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Occup Environ Med 65:659-666 doi:10.1136/oem.2007.034934
  • Original article

A panel study in congestive heart failure to estimate the short-term effects from personal factors and environmental conditions on oxygen saturation and pulse rate

  1. M S Goldberg1,2,
  2. N Giannetti1,
  3. R T Burnett3,
  4. N E Mayo1,2,
  5. M-F Valois1,2,
  6. J M Brophy1,2
  1. 1
    Department of Medicine, McGill University, Montreal, Quebec
  2. 2
    Division of Clinical Epidemiology, McGill University Health Centre, Montreal, Quebec
  3. 3
    Biostatistics and Epidemiology Division, Safe Environments Directorate, Healthy Environments and Consumer Safety Branch, Health Canada, Ottawa, Ontario
  1. Mark Goldberg, Department of Medicine, Division of Clinical Epidemiology, McGill University Health Centre, 687 Pine Avenue West, R4.29, Montreal, Quebec H3A 1A1; mark.goldberg{at}mcgill.ca
  • Accepted 22 December 2007

Abstract

Objectives: Recent studies suggest that persons with congestive heart failure (CHF) may be at higher risk for short-term effects of air pollution. This daily diary panel study in Montreal, Quebec, was carried out to determine whether oxygen saturation and pulse rate were associated with selected personal factors, weather conditions and air pollution.

Methods: Thirty-one subjects with CHF participated in this study in 2002 and 2003. Over a 2-month period, the investigators measured their oxygen saturation, pulse rate, weight and temperature each morning and recorded these and other data in a daily diary. Air pollution and weather conditions were obtained from fixed-site monitoring stations. The study made use of mixed regression models, adjusting for within-subject serial correlation and temporal trends, to determine the association between oxygen saturation and pulse rate and personal and environmental variables. Depending on the model, we accounted for the effects of a variety of personal variables (eg, body temperature, salt consumption) as well as nitrogen dioxide (NO2), ozone, maximum temperature and change in barometric pressure at 8:00 from the previous day.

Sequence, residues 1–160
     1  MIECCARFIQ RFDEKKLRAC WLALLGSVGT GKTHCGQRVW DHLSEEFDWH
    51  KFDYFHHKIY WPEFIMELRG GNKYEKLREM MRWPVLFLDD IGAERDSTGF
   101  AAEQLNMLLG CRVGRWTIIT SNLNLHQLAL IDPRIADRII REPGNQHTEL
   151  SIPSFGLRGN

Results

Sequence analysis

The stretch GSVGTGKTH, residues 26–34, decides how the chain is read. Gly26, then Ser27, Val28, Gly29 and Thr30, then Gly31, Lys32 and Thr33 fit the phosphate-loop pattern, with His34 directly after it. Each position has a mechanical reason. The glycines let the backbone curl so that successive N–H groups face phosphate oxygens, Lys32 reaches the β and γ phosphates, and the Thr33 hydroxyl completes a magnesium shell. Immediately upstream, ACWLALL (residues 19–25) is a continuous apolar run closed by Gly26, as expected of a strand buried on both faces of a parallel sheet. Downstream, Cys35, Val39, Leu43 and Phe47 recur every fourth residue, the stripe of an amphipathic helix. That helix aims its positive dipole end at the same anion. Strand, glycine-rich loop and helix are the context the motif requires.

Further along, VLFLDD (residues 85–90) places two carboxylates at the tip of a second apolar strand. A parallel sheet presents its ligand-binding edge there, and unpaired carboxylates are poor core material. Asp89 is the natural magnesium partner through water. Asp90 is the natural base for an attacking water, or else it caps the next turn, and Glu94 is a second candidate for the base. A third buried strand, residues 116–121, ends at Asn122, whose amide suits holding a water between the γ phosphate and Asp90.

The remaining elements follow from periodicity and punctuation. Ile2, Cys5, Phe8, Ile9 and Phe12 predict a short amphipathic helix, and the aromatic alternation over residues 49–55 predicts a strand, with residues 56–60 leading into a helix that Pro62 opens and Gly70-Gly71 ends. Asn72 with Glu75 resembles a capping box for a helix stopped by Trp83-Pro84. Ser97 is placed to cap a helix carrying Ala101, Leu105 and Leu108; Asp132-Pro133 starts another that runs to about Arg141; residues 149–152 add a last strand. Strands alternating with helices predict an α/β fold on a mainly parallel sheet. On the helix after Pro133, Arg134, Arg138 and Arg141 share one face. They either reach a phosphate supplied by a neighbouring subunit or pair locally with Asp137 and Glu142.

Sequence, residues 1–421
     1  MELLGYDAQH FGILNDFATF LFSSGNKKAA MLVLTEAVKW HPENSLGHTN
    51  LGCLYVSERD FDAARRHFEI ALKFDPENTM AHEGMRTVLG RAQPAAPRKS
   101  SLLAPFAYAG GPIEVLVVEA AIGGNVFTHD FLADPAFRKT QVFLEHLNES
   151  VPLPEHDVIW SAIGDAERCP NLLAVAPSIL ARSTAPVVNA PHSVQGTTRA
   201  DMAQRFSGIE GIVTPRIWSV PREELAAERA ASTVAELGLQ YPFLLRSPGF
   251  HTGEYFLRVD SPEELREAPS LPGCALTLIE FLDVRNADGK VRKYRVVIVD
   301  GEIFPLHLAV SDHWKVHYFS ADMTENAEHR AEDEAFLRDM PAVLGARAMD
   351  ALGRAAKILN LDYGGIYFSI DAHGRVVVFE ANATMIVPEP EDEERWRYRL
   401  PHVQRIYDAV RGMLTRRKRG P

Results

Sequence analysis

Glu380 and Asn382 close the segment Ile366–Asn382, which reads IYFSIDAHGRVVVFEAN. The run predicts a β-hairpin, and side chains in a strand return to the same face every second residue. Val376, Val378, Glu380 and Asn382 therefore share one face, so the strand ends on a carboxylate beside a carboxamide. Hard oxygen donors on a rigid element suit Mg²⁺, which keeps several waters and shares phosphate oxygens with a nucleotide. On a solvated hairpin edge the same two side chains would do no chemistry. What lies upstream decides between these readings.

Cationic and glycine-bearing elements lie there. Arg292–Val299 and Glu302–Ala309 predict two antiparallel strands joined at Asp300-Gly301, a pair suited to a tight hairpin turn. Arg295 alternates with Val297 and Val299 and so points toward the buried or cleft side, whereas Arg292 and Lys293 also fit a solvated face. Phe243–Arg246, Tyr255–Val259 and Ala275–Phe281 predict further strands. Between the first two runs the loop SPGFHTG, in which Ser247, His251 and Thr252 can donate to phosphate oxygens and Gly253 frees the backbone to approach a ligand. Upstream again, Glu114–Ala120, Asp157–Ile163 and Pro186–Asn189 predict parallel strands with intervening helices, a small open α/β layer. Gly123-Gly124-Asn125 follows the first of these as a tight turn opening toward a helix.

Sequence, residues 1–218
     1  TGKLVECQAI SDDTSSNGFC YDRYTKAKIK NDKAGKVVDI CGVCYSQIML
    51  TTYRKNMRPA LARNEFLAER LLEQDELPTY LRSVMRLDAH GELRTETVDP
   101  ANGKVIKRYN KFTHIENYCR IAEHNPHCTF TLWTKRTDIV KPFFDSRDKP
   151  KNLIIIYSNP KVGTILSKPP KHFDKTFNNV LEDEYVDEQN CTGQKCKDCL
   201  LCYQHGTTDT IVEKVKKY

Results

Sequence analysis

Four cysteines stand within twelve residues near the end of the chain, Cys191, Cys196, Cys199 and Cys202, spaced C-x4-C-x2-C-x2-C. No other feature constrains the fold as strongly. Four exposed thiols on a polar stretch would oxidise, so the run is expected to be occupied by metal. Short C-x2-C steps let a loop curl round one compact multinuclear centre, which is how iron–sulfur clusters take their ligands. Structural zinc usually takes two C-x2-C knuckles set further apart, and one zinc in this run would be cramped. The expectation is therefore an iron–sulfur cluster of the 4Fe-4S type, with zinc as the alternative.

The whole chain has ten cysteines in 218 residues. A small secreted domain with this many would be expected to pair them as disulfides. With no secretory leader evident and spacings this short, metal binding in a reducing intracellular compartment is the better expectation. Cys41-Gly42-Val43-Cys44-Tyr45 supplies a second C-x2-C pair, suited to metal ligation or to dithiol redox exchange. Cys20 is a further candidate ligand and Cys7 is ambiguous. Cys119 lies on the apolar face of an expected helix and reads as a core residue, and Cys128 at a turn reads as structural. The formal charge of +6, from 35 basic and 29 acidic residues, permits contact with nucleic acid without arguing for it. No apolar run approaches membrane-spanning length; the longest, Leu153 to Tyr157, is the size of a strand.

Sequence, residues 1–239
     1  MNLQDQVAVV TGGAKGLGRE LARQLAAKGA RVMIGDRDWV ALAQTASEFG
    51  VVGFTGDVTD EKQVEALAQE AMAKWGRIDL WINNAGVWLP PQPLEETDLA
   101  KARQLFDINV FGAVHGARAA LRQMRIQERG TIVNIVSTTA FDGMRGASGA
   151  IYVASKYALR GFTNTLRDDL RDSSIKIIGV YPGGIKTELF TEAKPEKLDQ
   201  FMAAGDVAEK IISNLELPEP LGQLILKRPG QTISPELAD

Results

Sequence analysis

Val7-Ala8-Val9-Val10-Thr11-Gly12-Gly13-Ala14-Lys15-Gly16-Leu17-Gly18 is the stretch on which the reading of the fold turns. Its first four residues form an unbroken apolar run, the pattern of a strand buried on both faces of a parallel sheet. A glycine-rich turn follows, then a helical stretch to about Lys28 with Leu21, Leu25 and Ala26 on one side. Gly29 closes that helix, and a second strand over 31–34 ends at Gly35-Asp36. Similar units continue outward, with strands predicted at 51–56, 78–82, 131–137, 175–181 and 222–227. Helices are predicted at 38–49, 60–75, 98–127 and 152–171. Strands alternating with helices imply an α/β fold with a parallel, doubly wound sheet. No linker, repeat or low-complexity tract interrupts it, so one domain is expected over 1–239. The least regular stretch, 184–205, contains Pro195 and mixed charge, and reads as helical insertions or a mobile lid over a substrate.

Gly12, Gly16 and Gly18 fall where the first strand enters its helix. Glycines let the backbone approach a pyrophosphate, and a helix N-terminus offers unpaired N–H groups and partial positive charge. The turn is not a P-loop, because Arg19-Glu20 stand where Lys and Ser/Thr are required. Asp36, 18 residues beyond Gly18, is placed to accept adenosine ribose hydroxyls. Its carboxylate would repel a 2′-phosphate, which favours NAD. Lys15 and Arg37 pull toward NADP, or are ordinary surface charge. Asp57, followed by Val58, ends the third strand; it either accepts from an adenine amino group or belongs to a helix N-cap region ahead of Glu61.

Results: In multivariable analyses, the study found that oxygen saturation was reduced when subjects reported that they were ill, consumed salt, or drank liquids on the previous day and had higher body temperatures on the concurrent day (only the latter was statistically significant). Relative humidity and decreased atmospheric pressure from the previous day were associated with oxygen saturation. In univariate analyses, there was negative associations with concentrations of fine particulates, ozone, and sulphur dioxide (SO2), but only SO2 was significant after adjustment for the effects of weather. For pulse rate, no associations were found for the personal variables and in univariate analyses the study found positive associations with NO2, fine particulates (aerodynamic diameter of 2.5 μm or under, PM2.5), SO2, and maximum temperature, although only the latter two were significant after adjustment for environmental effects.

Conclusions: The findings from the present investigation suggest that personal and environmental conditions affect intermediate physiological parameters that may affect the health of CHF patients.

Footnotes

  • ▸ Additional data for Table 1 published online only at http://oem.bmj.com/content/vol65/issue10

  • Funding: This study was supported financially through the Canadian Institutes for Health Research (CIHR). MSG gratefully acknowledges receipt of an Investigator Award from the CIHR.

  • Competing interests: None declared.